You won't care how much we know - until you know how much we care.
Fairfield Veterinary Centre Logo.
"Gizmo" - Soft Coated Wheaten Terrier with Infected Anal Glands
Photo: Gizmo
Gizmo


A rectal examination is a unpleasant experience for all concerned. It is probably why that particular procedure never seems to feature on television despite the frequency that it occurs routinely in daily veterinary life! Work experience students soon realise that life as a vet is not quite as glamorous as they first thought!

Gizmo, a soft coated wheaten terrier, was originally presented because his owners had noticed that he appeared to be uncomfortable when trying to pass motions. A rectal examination is clearly essential in these cases to try and establish a cause.

I was very concerned at the extreme pain that Gizmo was experiencing and the very abnormal appearance of the regional anatomy which was both badly swollen and very roughened. Cancer was definitely in the frame and Gizmo was scheduled for a surgical biopsy after a period of antibiotics and anti-inflammatories.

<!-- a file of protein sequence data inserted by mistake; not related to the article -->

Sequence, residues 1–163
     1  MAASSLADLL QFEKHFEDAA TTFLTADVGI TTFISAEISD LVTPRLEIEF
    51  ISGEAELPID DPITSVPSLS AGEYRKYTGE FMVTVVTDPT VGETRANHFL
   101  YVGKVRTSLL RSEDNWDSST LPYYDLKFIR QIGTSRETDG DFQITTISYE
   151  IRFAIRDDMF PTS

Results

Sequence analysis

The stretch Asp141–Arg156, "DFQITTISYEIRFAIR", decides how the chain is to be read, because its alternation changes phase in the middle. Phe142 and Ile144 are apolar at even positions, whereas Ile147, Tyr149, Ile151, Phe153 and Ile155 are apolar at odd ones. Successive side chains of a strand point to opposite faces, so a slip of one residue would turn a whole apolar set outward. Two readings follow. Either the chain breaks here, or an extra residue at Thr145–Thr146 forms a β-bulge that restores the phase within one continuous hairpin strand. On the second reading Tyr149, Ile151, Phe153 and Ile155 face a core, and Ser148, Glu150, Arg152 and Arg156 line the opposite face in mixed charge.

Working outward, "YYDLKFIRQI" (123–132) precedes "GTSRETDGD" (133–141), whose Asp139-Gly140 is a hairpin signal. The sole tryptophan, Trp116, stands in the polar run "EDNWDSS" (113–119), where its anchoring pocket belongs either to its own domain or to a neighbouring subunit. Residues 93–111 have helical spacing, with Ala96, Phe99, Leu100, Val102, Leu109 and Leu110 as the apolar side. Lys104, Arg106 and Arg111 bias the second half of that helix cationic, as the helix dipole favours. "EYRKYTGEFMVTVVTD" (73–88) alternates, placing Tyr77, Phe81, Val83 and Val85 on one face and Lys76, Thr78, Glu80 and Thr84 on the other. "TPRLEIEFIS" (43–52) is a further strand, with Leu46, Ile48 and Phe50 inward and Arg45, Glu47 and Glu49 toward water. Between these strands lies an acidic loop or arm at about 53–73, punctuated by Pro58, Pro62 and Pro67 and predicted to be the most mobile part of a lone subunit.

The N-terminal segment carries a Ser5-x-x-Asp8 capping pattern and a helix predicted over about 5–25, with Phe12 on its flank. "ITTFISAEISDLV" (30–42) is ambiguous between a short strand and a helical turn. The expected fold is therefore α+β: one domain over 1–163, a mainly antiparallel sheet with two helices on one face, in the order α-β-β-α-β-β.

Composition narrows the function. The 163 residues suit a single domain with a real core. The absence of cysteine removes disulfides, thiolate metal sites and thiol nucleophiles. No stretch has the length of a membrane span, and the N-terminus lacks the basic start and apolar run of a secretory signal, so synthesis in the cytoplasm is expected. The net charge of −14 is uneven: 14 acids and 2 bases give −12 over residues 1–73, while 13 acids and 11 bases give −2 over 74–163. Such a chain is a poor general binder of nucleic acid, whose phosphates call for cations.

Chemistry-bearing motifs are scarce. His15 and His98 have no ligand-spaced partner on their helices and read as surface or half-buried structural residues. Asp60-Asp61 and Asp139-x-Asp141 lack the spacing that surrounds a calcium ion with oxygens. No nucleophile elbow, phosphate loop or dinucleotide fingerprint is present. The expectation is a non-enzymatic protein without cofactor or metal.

Fortunately, the pathologist was able to report that no cancer was evident and that the symptoms were due to a combination of infection, abscess and fibrous adhesions.

Several months of medication helped to control the symptoms but were unsuccessful at clearing the infection completely. Residual pockets of infection remained in the anal (scent) glands and it was clear that the only way to cure Gizmo was to surgically remove the anal glands to finally resolve the infection.

Gizmo's owners were obviously very concerned at the prospect of surgery especially when there were no guarantees of complete success. The pros and cons have to be considered with the potential for significant improvement a realistic aim. With the possibility of permanent rectal strictures having disastrous consequences for Gizmo, surgery had a more attractive prospect.

Fortunately, for both Gizmo and his owner, several months later surgery has been a complete success and he is now completely pain free - although after months of probing examinations I am sure I can still see his eyes water when ever he enters my consulting room!

 

Terry Dunne BVMS, Cert SAO, MRCVS

Back to "Interesting Cases"

If you wish to print or save this page it is available in PDF format here

 

Copyright Fairfield Veterinary Centre, 51 Leicester Rd, Hinckley, Leicestershire